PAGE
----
Instead you might start out by letting the other parent know you hope to work out parenting arrangements cooperatively and that you value their parenting skills and want the children to be close to both of you. If you do have differences in parenting philosophies or styles, acknowledge those differences without characterizing them as right or wrong. Just make it clear that those differences are things the two of you are going to need to discuss to come up with a plan that will work best for your children. It can be helpful to recognize that the two households may be different, even have different rules, but that such differences can work best when you both support each other in your differences.

The other parent won’t follow our agreed-upon custody arrangement. What do I do?

You have four options if the other parent regularly violates your parenting plan: 

  1. Take no action
  2. Hire a custody attorney to issue a demand letter
  3. File a motion for modification of the parenting plan
  4. File a motion for contempt 

The best thing you can do is speak with a Seattle child custody law firm to understand your options, as each option has advantages and disadvantages depending on your specific situation. 

I plan to relocate out of state. How will this affect custody?

A 50/50 custody arrangement will most likely be impossible. Most custody arrangements involving an out-of-state parent usually entail one parent having custody during the school year and the other parent having custody during summer break. The parents then negotiate who will have custody during holidays such as Christmas, Easter, and Thanksgiving or spring and winter breaks. If your relocation isn’t yet definite, you should alert the other parent to this possibility but negotiate the parenting plan that works best for the foreseeable future. A Seattle child custody attorney can help you navigate the complexities of this situation.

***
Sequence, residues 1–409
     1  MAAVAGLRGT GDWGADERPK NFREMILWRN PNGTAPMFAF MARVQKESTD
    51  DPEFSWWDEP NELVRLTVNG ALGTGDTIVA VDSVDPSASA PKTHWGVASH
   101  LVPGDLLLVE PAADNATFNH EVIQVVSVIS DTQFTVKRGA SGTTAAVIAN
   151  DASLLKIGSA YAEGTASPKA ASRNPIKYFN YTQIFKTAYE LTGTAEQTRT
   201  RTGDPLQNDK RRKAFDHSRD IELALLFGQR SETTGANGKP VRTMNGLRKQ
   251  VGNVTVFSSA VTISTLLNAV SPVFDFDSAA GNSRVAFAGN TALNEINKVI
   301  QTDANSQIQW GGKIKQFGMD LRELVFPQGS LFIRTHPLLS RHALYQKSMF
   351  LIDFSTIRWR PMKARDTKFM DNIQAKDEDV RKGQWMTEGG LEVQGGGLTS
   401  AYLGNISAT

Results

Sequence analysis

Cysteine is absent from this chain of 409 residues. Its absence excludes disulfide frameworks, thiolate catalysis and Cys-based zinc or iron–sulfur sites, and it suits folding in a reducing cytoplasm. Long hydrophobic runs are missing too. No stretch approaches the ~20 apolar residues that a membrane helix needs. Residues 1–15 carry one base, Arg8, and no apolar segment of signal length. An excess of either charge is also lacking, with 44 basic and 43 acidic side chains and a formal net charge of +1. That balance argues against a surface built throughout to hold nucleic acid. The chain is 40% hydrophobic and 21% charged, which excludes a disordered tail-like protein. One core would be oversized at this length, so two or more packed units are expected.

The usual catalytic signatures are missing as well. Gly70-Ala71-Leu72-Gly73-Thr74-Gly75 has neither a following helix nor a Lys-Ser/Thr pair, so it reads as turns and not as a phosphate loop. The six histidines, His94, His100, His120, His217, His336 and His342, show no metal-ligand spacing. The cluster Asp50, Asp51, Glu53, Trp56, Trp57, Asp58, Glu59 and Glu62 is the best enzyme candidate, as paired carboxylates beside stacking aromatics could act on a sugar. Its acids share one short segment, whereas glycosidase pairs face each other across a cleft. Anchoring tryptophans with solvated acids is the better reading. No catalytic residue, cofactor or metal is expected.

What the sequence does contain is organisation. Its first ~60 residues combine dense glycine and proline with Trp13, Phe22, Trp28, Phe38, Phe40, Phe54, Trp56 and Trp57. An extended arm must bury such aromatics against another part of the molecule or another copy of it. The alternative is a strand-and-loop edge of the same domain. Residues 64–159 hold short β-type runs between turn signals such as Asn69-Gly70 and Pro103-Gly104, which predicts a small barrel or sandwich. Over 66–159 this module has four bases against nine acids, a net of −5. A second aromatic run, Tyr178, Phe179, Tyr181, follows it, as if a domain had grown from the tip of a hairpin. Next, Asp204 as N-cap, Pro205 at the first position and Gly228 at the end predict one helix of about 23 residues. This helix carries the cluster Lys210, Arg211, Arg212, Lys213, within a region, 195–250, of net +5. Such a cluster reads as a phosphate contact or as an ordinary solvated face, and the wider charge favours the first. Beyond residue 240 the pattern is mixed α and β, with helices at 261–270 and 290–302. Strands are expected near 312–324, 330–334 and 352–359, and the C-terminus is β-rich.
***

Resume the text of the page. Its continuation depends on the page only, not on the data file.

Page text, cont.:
The other parent is moving away and wants to have primary custody. What do I do?

This can be a complicated situation because one parent will end up with less time weekly than the other parent. In these situations, getting a resolution will likely require a court hearing. The court will hear evidence regarding your child’s schooling, social environment, sports and other activities, and other relationships your child may have in the area. In general, the court will evaluate what would be in the best interests of your child. We strongly recommend consulting with a Seattle child custody attorney at our office to ensure that both your rights and your child’s interests are protected.

When does the Court appoint an investigator?

When parents have having trouble agreeing on child custody parenting arrangements, the court will often appoint a parenting evaluator or Guardian ad Litem for the children (the two roles are very similar). The person appointed will perform an investigation and submit a report. The investigator may:

  • review the court records
  • talking to both parents
  • talking to people who know the parents
  • interviewing the child
  • checking with school personnel
  • have psychological testing done when appropriate.

They do not have final decision making power, but their recommendations are taken very seriously by the court. If there is a court appointed investigator appointed in your case, it is very important that you cooperate with them fully.

Contact an Experienced Seattle Child Custody Attorney Today

When you need a child custody attorney, give us a call to make an appointment for an initial consultation where we can further discuss the specifics of your case. Call 206-784-3049 today or use the form on our website to schedule a meeting with one of our family law attorneys.

Read Our Parenting Guide to Divorce to Help Your Family Cope During a Divorce